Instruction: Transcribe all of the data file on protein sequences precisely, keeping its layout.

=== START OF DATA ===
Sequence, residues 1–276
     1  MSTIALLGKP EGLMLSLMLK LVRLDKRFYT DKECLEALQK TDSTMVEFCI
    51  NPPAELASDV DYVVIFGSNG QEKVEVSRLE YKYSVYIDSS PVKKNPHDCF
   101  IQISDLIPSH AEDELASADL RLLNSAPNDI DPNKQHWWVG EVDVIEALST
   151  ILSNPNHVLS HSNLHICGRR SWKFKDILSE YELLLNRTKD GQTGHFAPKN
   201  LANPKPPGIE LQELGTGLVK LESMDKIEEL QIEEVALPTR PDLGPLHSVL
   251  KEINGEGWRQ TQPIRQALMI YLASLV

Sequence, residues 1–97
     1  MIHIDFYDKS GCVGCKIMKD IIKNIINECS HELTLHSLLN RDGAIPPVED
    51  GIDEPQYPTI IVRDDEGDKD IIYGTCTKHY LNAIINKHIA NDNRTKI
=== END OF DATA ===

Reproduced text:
Sequence, residues 1–276
     1  MSTIALLGKP EGLMLSLMLK LVRLDKRFYT DKECLEALQK TDSTMVEFCI
    51  NPPAELASDV DYVVIFGSNG QEKVEVSRLE YKYSVYIDSS PVKKNPHDCF
   101  IQISDLIPSH AEDELASADL RLLNSAPNDI DPNKQHWWVG EVDVIEALST
   151  ILSNPNHVLS HSNLHICGRR SWKFKDILSE YELLLNRTKD GQTGHFAPKN
   201  LANPKPPGIE LQELGTGLVK LESMDKIEEL QIEEVALPTR PDLGPLHSVL
   251  KEINGEGWRQ TQPIRQALMI YLASLV

Sequence, residues 1–97
     1  MIHIDFYDKS GCVGCKIMKD IIKNIINECS HELTLHSLLN RDGAIPPVED
    51  GIDEPQYPTI IVRDDEGDKD IIYGTCTKHY LNAIINKHIA NDNRTKI